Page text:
Positive airway pressure therapies (CPAP and/or NIV) represent the first-line therapy for sleep-breathing disorders. The choice of nocturnal CPAP or NIV is often based on the underlying sleep-related respiratory abnormality encountered.82 CPAP is efficient in reversing diurnal hypoventilation82–85 in OHS patients presenting mainly OSA-related hypoventilation. Piper et al.85 have shown that more than 60% of OHS patients who exhibited an incomplete initial response to CPAP have a good response after 3 months of CPAP, suggesting that incomplete immediate response to CPAP does not preclude midterm efficacy. However, some OHS patients continue to exhibit sleep hypoventilation,82,83,85,86 particularly in REM,25,35 even though upper airway obstruction is abolished with CPAP, and require NIV to overcome this central hypoventilation. In contrast to CPAP, NIV is more expensive and more complex to set up a large range of ventilatory parameters (ventilatory mode, inspiratory and expiratory pressures, back-up respiratory rate, triggering sensitivity, pressurization slope).87 Moreover, residual respiratory events occur frequently in OHS patients treated with nocturnal NIV. Additional attention is required to ensure treatment efficacy and avoid machine-related undesirable respiratory events.88,89 Thus, in the absence of long-term randomized trials comparing NIV with CPAP in patients with predominant OSA-related hypoventilation,85 NIV should be reserved for OHS patients presenting with primarily central hypoventilation during sleep. Manufacturers have proposed new ventilatory modes (example: average volume-assured pressure support, volume targeting by bi-level positive pressure ventilation90,91 and auto-titrating NIV92), but the efficacy of these modes needs to be assessed in larger cohort studies and on a long-term follow-up basis.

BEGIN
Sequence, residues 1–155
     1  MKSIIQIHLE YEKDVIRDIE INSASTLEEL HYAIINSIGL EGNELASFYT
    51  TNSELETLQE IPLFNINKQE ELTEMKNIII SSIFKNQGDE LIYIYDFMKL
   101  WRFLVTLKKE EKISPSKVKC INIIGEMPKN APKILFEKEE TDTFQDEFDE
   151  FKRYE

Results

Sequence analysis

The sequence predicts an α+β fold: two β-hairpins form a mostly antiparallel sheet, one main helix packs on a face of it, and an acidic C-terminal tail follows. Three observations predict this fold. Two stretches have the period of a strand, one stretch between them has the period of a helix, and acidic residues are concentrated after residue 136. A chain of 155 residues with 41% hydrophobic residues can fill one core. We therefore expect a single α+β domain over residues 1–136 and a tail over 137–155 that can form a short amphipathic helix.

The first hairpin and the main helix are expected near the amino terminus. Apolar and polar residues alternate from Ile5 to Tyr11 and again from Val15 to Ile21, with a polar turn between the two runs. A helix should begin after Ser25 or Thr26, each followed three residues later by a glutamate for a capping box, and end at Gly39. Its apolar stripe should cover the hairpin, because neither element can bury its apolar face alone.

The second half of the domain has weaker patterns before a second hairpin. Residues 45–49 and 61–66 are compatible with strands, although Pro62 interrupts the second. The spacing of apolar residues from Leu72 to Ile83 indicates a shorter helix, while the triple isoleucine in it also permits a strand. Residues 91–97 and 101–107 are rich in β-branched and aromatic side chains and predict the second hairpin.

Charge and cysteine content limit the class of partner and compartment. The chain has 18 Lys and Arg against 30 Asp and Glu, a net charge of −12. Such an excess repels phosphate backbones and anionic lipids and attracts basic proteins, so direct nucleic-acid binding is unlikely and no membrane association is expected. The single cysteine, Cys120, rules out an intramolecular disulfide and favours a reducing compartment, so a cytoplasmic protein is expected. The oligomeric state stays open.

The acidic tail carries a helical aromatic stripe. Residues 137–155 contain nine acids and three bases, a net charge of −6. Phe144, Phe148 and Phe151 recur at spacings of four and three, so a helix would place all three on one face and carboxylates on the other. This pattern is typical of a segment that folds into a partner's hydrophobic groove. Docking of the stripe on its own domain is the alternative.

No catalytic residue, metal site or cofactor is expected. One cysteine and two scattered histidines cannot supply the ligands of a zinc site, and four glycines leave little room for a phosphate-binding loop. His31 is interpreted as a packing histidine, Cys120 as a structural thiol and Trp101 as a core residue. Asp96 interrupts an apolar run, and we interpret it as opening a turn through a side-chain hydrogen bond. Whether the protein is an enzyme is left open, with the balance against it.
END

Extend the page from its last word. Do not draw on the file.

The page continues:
Long-term uncontrolled studies have consistently reported a lower mortality rate in OHS patients treated with NIV26–28 compared with those in a cohort principally composed of untreated patients.14 Additionally, these studies have shown an improvement in gas exchange.26,28 Beyond hypoventilation, basal atelectasis or coexisting lung disease may lead to obesity-related hypoxia. Therefore, additional oxygen therapy may be necessary to correct persistent hypoxaemia even under efficient positive airway pressure therapy. Of note, the need for supplemental oxygen therapy and baseline hypoxaemia have been shown as independent predictors of mortality.26–28 In a recent randomized controlled trial including moderate OHS patient, partial arterial oxygen concentration was not significantly improved after 1 month of nocturnal NIV.66 Even though baseline hypoxaemia was very mild, this result supports the concept that obesity-related hypoxaemia might be more difficult to correct than hypercapnia. Additionally, this randomized controlled trial failed to demonstrate that short-term nocturnal NIV could impact favourably on metabolic, cardiovascular or inflammatory markers in spite of the improvements in pulmonary function and sleep parameters. This suggests that positive airway pressure therapies should not be the only form of treatment for these patients.66